East Kent Golding is often thought of as the ultimate English hop. Grown exclusively in Kent, England and descended from Canterbury Whitebine, it is a centuries old variety. Despite claims to the contrary, it is identical to Canterbury Golding. The two names have been used interchangeably for some time. Canterbury is a town in East Kent and the hop was first brought to market there in 1790. Some, however, charge to this day that East Kent Golding and Cantebury Golding are two distinct varieties though there is no clear evidence to support this. The variety began to be known primarily as East Kent Golding in 1838.
It has a good yield in England, but has shown to have an even better yield in Oregon after its introduction there in 1994. It has an amazing aroma profile with lavender, spice, honey and notes of thyme. Flavor-wise it is earthy and mildly bittering with a sweet, silky, honey-like character. East Kent Golding is considered to be the quintessential English hop, long held as one of the island’s favorites for ales and pale ales.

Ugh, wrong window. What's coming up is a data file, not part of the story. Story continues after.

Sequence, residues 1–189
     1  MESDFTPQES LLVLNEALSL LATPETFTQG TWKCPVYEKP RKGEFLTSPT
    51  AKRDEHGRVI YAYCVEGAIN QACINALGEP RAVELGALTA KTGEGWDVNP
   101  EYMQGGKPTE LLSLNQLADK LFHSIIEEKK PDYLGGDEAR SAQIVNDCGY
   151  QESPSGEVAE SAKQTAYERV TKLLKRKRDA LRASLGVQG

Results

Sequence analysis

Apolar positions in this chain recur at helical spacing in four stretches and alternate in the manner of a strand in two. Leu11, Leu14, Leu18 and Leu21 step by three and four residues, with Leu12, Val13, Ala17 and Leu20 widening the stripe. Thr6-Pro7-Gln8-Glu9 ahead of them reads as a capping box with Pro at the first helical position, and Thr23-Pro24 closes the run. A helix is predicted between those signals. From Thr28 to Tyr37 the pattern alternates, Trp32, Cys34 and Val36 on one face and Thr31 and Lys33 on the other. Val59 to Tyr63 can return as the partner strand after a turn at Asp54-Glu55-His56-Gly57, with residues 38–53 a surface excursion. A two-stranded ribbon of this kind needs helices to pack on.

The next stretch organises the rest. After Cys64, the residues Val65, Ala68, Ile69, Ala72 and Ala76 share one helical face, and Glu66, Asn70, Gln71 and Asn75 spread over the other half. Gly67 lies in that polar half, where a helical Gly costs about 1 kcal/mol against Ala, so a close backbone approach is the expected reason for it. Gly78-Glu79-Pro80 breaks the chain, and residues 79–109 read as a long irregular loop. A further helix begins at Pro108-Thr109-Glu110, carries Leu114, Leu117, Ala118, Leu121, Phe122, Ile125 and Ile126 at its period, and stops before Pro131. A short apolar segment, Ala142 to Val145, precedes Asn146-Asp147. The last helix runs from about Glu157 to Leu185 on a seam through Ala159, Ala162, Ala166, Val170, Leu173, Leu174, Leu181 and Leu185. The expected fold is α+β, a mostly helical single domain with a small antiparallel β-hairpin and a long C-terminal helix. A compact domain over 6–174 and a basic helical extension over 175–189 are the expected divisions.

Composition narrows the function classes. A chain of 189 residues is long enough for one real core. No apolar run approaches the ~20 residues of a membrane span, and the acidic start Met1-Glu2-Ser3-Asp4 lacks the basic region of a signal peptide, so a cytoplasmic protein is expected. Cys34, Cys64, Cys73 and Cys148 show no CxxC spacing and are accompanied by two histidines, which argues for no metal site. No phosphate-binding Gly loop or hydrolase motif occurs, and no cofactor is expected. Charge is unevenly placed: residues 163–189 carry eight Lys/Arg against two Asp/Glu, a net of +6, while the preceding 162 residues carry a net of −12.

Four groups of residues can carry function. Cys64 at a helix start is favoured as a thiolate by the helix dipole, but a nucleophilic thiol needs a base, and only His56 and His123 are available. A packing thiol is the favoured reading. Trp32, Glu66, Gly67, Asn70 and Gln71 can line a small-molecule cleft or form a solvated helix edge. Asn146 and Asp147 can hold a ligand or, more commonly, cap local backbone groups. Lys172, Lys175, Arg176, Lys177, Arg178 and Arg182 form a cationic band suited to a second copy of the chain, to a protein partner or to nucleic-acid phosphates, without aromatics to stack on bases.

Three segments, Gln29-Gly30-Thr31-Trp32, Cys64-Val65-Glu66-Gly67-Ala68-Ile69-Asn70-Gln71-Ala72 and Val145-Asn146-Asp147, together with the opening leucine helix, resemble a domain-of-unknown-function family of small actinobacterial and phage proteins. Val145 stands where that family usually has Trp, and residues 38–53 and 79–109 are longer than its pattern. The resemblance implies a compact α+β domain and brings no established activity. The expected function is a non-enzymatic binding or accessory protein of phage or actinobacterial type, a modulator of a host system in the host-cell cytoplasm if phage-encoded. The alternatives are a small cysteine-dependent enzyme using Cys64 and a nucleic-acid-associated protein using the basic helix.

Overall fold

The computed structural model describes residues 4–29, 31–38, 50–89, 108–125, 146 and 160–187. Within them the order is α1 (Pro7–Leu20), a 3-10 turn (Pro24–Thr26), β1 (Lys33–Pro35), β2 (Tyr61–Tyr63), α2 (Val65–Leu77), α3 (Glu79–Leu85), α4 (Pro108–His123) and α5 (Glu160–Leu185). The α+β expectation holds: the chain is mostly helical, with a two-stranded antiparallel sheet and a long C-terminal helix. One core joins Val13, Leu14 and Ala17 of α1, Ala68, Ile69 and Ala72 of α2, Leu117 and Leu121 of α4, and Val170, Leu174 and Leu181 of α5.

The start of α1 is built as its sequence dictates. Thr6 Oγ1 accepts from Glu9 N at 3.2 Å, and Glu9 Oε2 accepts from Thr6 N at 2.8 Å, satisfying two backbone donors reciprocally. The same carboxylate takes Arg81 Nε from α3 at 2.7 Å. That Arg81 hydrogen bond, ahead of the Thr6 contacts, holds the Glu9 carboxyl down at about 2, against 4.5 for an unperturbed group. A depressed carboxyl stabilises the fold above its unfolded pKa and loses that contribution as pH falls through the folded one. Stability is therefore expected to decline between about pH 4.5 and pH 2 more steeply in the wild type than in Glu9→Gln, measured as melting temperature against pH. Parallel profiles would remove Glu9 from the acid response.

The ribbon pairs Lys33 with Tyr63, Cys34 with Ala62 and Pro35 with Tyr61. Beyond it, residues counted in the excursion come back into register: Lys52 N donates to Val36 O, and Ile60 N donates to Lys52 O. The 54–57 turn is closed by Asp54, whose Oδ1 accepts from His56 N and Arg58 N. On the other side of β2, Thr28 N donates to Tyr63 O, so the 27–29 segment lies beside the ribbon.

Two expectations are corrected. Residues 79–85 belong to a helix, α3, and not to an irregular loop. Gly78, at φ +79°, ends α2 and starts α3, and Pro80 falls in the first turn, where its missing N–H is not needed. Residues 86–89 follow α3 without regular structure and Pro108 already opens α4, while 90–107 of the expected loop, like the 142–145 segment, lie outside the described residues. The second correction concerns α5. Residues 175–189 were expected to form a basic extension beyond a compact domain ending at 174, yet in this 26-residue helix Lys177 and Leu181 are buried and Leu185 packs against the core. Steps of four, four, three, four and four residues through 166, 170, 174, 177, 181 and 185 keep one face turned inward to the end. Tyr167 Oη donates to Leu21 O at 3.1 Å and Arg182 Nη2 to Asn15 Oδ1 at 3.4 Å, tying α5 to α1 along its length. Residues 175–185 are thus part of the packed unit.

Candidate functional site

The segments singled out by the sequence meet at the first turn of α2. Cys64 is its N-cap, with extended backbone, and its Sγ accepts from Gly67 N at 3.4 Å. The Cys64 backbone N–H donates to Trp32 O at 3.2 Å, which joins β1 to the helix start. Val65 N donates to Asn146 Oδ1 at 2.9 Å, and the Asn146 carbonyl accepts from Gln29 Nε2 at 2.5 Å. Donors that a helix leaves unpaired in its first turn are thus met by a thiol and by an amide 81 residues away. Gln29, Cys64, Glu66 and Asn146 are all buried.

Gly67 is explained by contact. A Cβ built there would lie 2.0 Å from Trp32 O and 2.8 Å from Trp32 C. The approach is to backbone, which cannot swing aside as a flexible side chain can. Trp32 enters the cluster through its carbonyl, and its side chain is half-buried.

|Also Known As||Kent Golding, EKG, Canterbury Golding|
|Characteristics||Aromas of lavender, spice, honey, thyme, earthy flavors|
|Alpha Acid Composition||5%-6%|
|Beta Acid Composition||2%-3%|
|Yield Amount||640 kg/hectare (570 lbs/acre)|
|Resistant to||Moderately resistant to downy mildew|
|Susceptible to||Susceptible to hop mosaic virus|
|Storability||Retains 78% alpha acid after 6 months storage at 20ºC (68ºF)|
|Ease of Harvest|
|Total Oil Composition||0.85 mL/100g|
|Myrcene Oil Composition||42%|
|Humulene Oil Composition||27%|
|Substitutes||Whitbread Golding, Progress, Fuggle, First Gold|
|Style Guide||Pale Ale, Extra Special English Ale, English Dark Ale, English Light Ale, Belgian Ale, Christmas Ale|
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